• Spreading the dough onto the pan might be anxiety inducing. It was for me! It is more like cookie dough than cake batter. Do your best to spread it evenly and thinly as possible because it won’t redistribute much during cooking.
  • Better to have more apple butter than not enough! 1.5 to 2 quarts is sufficient and any extra spreads well on toast.
  • For the most dazzling display, use the cloche which is collecting dust in the back of your cabinet or borrow a friend’s.


Stand mixer or hand mixer and bowl

Bowl scraper

Up to six 8” or 9” springform pans

Cutting board

Sharp kitchen knife

Cake stand or cloche


¾  cup softened butter

½  cup sugar

2 eggs, beaten

1 cup sorghum molasses

¼  teaspoon baking soda

1 teaspoon baking powder

¼ teaspoon cloves

¾ teaspoon allspice

¾ teaspoon cinnamon

3 cups all-purpose flour

½ cup buttermilk



2 quarts of apple butter


  1. In a mixer, cream butter and sugar together. With the mixer on medium, add all other ingredients one at a time to the bowl, lowering the speed once you get to the flour and saving the buttermilk as the last added ingredient.
  2. Roll out the dough and cut it into six equal portions. Chill the dough for at least an hour.
  3. Preheat the oven to 350º F.
  4. Divide dough between six 9-inch springform cake pans. Use silicon spatula to guide the spreading, or press cooled dough with hands making sure the layers are even and thin. (see the visual guides from this recipe)
  5. Bake the six pans of cake for 15-20 minutes in the oven at 350º F, rotating the pans halfway through.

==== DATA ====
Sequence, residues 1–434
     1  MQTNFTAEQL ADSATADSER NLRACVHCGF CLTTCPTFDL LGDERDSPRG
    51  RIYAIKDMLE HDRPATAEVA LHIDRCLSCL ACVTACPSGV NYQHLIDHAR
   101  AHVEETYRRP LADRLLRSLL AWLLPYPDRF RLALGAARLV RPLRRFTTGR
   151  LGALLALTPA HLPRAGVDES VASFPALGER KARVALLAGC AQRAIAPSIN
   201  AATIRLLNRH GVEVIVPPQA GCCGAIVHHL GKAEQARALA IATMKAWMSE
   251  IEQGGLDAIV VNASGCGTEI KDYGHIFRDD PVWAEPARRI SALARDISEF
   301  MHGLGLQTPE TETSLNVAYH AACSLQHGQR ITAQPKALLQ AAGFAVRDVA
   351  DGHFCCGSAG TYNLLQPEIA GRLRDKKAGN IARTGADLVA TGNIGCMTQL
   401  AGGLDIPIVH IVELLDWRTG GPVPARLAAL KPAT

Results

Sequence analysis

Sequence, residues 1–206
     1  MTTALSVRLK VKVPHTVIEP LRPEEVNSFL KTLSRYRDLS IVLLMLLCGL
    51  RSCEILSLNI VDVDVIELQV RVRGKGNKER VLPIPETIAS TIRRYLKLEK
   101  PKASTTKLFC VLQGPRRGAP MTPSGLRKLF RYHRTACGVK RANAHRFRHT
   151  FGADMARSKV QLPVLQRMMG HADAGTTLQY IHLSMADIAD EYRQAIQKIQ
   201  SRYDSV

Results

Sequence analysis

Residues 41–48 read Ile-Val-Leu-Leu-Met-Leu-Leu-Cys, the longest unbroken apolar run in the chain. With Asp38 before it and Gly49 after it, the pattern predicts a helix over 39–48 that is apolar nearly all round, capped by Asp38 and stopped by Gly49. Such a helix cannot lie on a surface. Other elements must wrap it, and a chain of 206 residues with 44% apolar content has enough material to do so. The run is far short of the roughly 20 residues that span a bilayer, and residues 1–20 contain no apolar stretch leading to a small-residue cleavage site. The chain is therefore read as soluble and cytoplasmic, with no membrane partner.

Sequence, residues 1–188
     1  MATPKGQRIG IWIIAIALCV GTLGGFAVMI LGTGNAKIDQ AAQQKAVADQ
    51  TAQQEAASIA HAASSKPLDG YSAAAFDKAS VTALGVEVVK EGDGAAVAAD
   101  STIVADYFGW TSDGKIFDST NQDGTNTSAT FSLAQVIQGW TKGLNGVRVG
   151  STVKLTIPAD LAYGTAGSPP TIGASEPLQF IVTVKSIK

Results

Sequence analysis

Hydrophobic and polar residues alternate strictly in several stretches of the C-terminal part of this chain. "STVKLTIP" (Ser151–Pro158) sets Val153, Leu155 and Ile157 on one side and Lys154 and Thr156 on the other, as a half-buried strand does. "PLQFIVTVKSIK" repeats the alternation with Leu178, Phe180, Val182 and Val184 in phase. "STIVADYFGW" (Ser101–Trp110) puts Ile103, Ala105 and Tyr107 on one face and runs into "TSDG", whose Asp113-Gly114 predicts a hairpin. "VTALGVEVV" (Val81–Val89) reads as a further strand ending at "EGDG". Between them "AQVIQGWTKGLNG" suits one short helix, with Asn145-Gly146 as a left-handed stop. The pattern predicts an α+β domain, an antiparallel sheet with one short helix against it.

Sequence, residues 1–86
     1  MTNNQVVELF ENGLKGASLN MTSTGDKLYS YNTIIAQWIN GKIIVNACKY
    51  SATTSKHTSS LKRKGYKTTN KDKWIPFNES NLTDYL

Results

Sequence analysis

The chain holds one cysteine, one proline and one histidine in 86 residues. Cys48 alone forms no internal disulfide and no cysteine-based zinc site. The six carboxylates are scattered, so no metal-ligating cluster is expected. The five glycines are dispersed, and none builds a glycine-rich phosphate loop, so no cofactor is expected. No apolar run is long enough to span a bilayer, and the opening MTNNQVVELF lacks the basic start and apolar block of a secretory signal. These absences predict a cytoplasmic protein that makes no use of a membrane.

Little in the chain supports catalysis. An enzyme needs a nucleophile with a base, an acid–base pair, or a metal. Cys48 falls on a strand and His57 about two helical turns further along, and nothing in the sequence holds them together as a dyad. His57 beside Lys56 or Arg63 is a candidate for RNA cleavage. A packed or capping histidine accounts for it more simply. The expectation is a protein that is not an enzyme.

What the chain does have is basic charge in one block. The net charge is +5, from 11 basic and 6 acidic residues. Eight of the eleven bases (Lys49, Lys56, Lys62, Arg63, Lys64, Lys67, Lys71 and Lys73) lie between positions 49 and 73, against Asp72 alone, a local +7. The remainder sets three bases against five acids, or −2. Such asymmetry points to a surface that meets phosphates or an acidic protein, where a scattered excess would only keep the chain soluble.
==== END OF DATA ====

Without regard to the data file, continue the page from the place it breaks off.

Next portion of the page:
6. Remove from the oven and let cool for at least an hour.
  7. Once cooled, place the first layer on a cake plate. Spread apple butter over the top of the layer and place the next layer of cake on top and repeat until all layers are stacked.
  8. Take the remaining apple butter and coat the exterior of the cake.
  9. Add the cloche to cover the cake and refrigerate for 1-2 days before serving.
  10. Warm up to room temperature before service and cut into thin slices and serve alone or with whipped cream.

Day After – Leftover Turkey Casserole

Team Member: Derek Heilmann


8 to 10 slices of turkey or enough to cover dish
2 cans (10 3/4oz) Cream of Chicken soup
1 1/2 cups breadcrumbs
1/4 cup water
Approximately 4 cups dressing, enough to cover bottom of dish.


  1. Spray an 8 X 9 inch casserole dish with Pam.
  2. Moisten dressing with water, spread over entire bottom of casserole dish.
  3. Gently spread 1 can of soup on top of dressing.
  4. Add turkey slices/pieces; spread the rest of the soup on top of turkey.
  5. Cover with breadcrumbs.
  6. Bake at 350* for 1 hour, to heat through.